Julie Lyles Carr: Sunday Selah

Sunday, December 13, 2009

Sunday Selah

Follow my example, as I follow the example of Christ.
1 Cor. 11:1

Should he be part of our Christmas celebrations?

Should he not?

Is the inclusion of the myth a form of deceit with our kids?

Or is it a harmless bit of fun, some local color on the holiday?

I don't know.

Theologian and standard-setter I am not.

But I do know in the flurry of red velvet coats and toy-laden sleighs, we lose the man to the myth.

His name was Nicholas of Bari and Myra and he was born in 270 A.D., a couple of centuries stone's throw from the time of Christ. His hometown was Patara, a Greek village at the time of his birth which would later become a part of Turkey along the southern coast. Raised in a household of prosperous financial means, at a young age, Nicholas would find himself with money in the bank, burying his devout Christian parents as a result of a devastating epidemic.

It is here that Nicholas's story begins to reveal the character of the man. He was flush with funds and absent in parental accountability, but rather than take his inheritance and pursue this world, he invested in the next. Nicholas chose to use the money to take care of the sick, the poor and the needy, giving himself completely to the ministry of the church.

As the machine of Roman military dominance churned its way through adjacent nations, the emperor Diocletian began a campaign to stamp out this upstart cult of Christianity throughout the regions he was conquering. Nicholas was swept up in a tide of persecution and imprisonment for his faith, beaten and jailed. He was finally released during the reign of Constantine. He attended the Council of Nicea, a seminal event in promoting unity of the church and protecting the divine nature of Christ from the swirling apostasies of the day.

Nicholas's faithful shepherding of the church at Myra as bishop earned him admiration and devotion. He was known for his generosity and care. He is said to have provided dowries for three girls whose father had lost his fortune, protecting them from being sold into prostitution. He was also credited with stepping between soldiers and three young men who were about to be executed, saving their lives by his courage. During his tenure as bishop, the citizens of Myra often experienced anonymous donations being made and children began leaving their shoes out on the stoop, often finding coins placed in their footwear come morning.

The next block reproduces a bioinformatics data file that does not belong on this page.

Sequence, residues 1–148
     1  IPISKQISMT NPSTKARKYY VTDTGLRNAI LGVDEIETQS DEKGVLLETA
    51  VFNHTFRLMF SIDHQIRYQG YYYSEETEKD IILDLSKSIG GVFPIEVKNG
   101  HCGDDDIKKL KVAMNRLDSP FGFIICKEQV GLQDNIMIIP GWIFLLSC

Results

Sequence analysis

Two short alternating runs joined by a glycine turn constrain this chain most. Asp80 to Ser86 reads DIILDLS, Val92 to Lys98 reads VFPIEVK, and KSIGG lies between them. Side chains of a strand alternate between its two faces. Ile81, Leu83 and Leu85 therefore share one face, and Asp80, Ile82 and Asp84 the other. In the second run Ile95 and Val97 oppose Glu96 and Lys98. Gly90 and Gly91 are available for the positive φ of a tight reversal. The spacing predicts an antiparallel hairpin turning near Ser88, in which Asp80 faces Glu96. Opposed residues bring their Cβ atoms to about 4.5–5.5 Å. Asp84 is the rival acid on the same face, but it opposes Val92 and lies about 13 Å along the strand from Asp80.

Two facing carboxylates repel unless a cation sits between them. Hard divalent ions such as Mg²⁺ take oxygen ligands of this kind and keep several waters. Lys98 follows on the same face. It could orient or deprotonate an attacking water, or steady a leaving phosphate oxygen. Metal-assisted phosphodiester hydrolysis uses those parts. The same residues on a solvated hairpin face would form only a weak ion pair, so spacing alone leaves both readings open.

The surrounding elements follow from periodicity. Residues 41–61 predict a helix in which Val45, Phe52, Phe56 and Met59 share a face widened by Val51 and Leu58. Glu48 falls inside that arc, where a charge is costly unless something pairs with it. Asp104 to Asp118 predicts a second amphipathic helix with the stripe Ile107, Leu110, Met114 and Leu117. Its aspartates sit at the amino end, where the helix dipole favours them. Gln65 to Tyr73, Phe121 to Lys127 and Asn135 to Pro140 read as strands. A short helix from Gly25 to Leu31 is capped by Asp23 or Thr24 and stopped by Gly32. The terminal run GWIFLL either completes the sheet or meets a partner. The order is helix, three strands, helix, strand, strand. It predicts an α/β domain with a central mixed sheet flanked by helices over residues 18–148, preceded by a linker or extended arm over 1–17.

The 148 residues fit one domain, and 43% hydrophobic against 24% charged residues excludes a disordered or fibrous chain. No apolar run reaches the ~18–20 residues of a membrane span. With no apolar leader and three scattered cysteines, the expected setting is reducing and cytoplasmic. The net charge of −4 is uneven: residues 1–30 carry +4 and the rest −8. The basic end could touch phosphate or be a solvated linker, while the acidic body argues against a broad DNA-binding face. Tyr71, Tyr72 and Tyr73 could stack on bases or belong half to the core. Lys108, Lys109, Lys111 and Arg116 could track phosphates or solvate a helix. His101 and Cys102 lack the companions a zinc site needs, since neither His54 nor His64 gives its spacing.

Nicholas's legacy of Christian generosity and unyielding faith made him a 'saint favorite' in the years following his death. Sailors and children claimed his as patron and the legends surrounding the miracles of his relics spread throughout Europe.

So how did Saint Nicholas morph into the Santa Claus of today?

We can thank the Dutch.

When the Dutch came to the New World during the 1600's, they settled what was originally called New Netherlands, with its hub being New Amsterdam. We know the region as New York City today. The Dutch had long celebrated the life of Sinterklaas, their variation on the name of Saint Nicholas. After the Revolution, New Yorkers began to once again celebrate the Dutch heritage of their region and Sinterklaas/Saint Nicholas was promoted as patron saint of the city in the early 1800's. The image of the saint from Turkey began to blend with the Dutch aesthetic of colder climes and reindeer. Washington Irving commemorated him in verse, along with Clement Clarke Moore, and by the time of the Civil War in the 1860's, political cartoonist Thomas Nast took the traditional image of the saint and melded it to the flavors of the Dutch influence.

And so was the jolly old elf birthed.

It's a whole franchise now, this Santa Claus/Sinterklaas/Saint Nick thing. It bears its own rituals and requirements, lists of naughty and nice, demands and stockings, candy and coal. There are flashing lights, radar reports on his progress through the night sky, reports of chimney spelunking and a GPS system called Rudolph.

It's a bit noisy, all those additions.

But when we get a little quiet, when we allow the blinking lights to fade back a notch, when we blink back the visage of red suits and black boots, a whisper of the man remains.

An echo of generosity. A beat of a heart that drummed solely for the Savior. Aromas of compassion and mercy, courage and sacrifice, the perfume of the saints.

And that is the legacy of a well-lived life.

May we lay down the trappings of this world's fame and embrace the essence of what is real. May we aspire to the simple path of a simple man known as Nicholas of Myra.

Simply living out the grace we have been extended through Christ.


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